The BSD licence is ok with that. The GPL licence that most Linux software uses isn't.



would not be easier to run mac apps instead of win apps on linux? (I mean why wine Photoshop instead of....)


The core of OS X is built on open source, but everything on top of it is pure proprietary Apple.

milton1
June 30th, 2009, 03:10 PM
When Apple first announced they were going to a *nix based system, they made a big deal about making at least part of their system open source. However, it is important to recall that open source does not mean free. To Apple, open source was a way to tell consumers and developers that programming for the new system would be easier and more resiliant as programmers would be able to see the open source OS code. There is certainly some validity to this idea. So OSX does have some legitimately open-source content, but it is also proprietary and tightly controlled by Apple.

el.otro
June 30th, 2009, 03:10 PM
In fact Darwin IS open source, what is not OSS is all the graphics and apple programs/utilities; now: I'm not sure its Free Software, because it is not GPL-ed, it is given through Apple Public License (or something like that).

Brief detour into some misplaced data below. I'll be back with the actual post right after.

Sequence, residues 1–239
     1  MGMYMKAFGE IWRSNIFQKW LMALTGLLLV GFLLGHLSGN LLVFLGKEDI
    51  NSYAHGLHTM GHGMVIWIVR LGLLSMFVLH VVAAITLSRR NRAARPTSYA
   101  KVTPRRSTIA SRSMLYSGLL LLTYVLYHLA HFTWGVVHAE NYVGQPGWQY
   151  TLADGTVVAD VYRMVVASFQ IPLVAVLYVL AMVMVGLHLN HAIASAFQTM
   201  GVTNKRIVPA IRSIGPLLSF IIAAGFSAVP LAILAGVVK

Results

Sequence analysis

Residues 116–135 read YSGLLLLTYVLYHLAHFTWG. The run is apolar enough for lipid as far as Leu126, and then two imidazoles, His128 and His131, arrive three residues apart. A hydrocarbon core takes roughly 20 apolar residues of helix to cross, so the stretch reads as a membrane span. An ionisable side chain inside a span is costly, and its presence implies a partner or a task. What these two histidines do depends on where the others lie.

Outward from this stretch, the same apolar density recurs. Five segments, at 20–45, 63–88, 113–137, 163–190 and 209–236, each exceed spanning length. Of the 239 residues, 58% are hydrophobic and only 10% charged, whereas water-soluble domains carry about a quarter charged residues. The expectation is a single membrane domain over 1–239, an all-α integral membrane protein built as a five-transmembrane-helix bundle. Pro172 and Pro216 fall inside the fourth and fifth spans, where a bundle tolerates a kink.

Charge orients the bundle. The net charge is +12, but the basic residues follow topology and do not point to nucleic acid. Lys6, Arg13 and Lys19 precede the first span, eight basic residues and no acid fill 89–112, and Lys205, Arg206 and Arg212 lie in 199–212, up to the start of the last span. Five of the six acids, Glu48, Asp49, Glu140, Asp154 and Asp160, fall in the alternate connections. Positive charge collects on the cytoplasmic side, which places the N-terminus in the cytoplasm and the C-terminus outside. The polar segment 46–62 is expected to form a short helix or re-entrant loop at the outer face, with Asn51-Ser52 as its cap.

You could in fact download Darwin from Apple's site and (if you know how, which I don't) install gnome or KDE on top of it and run BSD applications on it, you'd just have a Basic Unix operating system.

There were some business moves they made, by creating a project called OpenDarwin, though which they took the OSS communities work and included it on OS X, but it didn't catch on because of so many advantages they were taking from developers in the community. That's as much as I know about, really.

So yes, it is a UNIX system. No it's not a completely closed one (not the kernel, and many GNU utilities it includes). And using Mac applications has more to do with libraries and APIs than it has to do with the kernel (and that's some basic commentary, because I'm no programmer) as I understand it.

decoherence
June 30th, 2009, 03:11 PM
Hi,

On desktop side I was an old (10 years ago), Mac user, then passed to Win than to Ubuntu.
Yesterday to have a flashback ;-) I installed Mac OSX on my laptop, and I see: yup! that's a unix x86 system (=linux), isn't it?